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Highlights - 05/05/2009
Petr Vítek Digitální Kino takes stock of digital in Central Europe
Petr Vítek is the manager of Digitální Kino, a non-profit organisation, which supports the digitisation of the Czech film industry. Very active with regard to the digitisation of cinemas, it runs seminars and workshops, presents new technologies to the professionals and works with all concerned parties, production companies, distributors, exhibitors and professional organisations.
How is digitisation of cinemas taken into account in the Czech Republic?
The Ministry of Culture has set up a group of experts who are entrusted with working out a national strategy (National digitisation strategy). This strategy might be defined quite quickly and could set out the rules to be implemented for the allocation of financial support to digitisation for the national fund.
In your opinion, what are the strengths and weaknesses of digital cinema projection?
Digital projection allows broadcasting of additional content, pop or classical music concerts, sport, 3D material, documentaries or alternative films where dissemination in 35mm format was not acceptable. This is its major asset. And the diversification of content is very much an area of interest to single screen cinemas.
On another point, the cost of technology is very high. Moreover, the digital era continues apace whilst all the technical issues have not yet been resolved. And finally, the VPF financing model (Virtual Print Fee) might have a negative influence on the screening of independent and national films. With regard to VPF, I think it is now necessary to be aware of the European film producers’ point of view.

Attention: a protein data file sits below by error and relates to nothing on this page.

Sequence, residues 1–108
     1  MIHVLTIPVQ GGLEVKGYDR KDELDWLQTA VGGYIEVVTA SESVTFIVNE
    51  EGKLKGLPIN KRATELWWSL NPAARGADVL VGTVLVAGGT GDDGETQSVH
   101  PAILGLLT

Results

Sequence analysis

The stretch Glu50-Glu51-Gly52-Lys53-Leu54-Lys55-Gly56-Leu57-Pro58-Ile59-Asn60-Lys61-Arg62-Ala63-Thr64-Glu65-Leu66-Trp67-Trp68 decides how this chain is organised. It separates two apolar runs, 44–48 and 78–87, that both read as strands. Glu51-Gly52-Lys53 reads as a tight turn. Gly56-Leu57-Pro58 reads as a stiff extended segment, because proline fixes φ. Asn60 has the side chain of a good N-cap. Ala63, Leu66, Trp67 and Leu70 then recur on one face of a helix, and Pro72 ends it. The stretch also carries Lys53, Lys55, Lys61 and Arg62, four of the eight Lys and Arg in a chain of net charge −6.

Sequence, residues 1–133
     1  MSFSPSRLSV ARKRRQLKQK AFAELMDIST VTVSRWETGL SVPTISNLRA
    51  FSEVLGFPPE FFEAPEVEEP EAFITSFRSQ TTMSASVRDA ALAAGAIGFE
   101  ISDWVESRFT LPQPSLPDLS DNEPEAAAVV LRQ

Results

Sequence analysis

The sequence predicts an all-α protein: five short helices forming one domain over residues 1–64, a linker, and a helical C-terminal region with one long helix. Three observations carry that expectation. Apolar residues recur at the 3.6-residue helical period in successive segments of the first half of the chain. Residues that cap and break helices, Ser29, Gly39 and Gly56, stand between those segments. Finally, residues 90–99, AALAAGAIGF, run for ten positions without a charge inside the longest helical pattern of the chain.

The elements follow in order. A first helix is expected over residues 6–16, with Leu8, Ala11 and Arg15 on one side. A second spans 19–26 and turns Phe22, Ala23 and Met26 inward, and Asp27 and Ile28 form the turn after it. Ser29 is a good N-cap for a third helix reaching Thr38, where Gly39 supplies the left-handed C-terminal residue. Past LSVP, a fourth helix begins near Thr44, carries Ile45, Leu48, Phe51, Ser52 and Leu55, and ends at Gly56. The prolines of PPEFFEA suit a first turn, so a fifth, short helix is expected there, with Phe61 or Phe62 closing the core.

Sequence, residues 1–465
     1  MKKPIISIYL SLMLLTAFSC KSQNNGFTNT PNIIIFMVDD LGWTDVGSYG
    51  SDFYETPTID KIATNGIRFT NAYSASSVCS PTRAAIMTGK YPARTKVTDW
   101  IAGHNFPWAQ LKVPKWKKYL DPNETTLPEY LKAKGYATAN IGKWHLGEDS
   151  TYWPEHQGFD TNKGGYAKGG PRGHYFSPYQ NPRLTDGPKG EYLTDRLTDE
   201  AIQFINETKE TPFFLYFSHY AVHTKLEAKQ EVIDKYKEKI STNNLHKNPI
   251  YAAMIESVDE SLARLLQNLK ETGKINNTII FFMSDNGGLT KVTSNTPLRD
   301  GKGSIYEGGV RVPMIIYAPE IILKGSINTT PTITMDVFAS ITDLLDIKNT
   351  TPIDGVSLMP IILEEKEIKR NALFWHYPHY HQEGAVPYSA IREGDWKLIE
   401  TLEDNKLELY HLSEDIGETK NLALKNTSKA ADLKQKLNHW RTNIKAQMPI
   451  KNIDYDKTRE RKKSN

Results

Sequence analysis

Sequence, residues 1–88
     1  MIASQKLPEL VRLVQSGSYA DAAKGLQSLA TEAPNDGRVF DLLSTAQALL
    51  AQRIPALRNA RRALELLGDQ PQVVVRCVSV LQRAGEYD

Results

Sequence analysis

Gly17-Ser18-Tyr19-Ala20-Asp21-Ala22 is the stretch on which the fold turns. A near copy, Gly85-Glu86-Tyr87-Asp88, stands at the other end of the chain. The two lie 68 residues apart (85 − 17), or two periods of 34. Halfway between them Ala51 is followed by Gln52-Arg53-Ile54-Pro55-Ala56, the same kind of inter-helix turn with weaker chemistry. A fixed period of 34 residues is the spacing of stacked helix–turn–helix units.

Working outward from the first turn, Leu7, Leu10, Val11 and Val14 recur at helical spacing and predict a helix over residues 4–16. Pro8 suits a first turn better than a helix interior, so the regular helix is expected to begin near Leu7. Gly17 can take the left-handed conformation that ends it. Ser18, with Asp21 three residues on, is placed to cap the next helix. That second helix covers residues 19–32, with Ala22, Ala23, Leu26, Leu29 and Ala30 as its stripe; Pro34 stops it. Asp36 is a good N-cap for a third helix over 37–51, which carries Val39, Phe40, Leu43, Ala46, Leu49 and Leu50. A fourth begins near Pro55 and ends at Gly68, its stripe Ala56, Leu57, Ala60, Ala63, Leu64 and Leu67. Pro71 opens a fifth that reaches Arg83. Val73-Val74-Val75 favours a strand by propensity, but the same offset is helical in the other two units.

What is the current state of affairs as regards digital projection in the Czech Republic?
Digitisation in Czech cinemas is right on track. Some small theatres owned by the municipalities are equipped as well as the majority of the multiplexes (with a single screen for 3D projection). The VPF model has not yet been used but several multiplexes are considering this move. The distributors have started to work in digital.
That said, if the VPF model seems to offer a good solution for the multiplex chains, the same cannot be said of single screen cinemas. Equipment is very expensive and the only profitable screenings are, for the time being, due to 3D which only affects the multiplexes. So, most of the single screen cinemas now await the implementation of state support. I think that if we work properly with the independent cinemas many will make the switch to digital.
What do you think of the Hungarian and Polish initiatives?
The picture is similar in the neighbouring countries. The majority of the exhibitors know the challenges posed by digital and analyse the financial and technical aspects. The initiative adopted by Hungary to equip cinemas with 1.3K has been beneficial in that it has allowed cinemas to screen films, which were not available in 35mm format. But the project will not develop further on account of the DCI standards based on 2K. As regards Poland, the discussions that have taken place show that digitisation is also on the right path. The issue here is ultimately the same as everywhere else: what is the financial potential of the market?
What is your view on the discussions that have taken place in France on a possible implementation of a mutual fund?
This initiative will certainly be welcomed in the Czech Republic and more widely among our neighbours since it could force professionals to seek and pursue regional and local funds.
70% of Czech cinemas are in the possession of the municipalities. Their role in digital is crucial and most want to support their cinemas. But they cannot do this on their own. They need an extra contribution however modest. This is why we are working on this national digitisation strategy which might provide the financing that is currently lacking.
Interview led by Jean-Baptiste Selliez
Pictures (from top): Multikino Zlote Tarasy - Warsaw, Cinema City Flora - Prague, Nové Kino Praha - Warsaw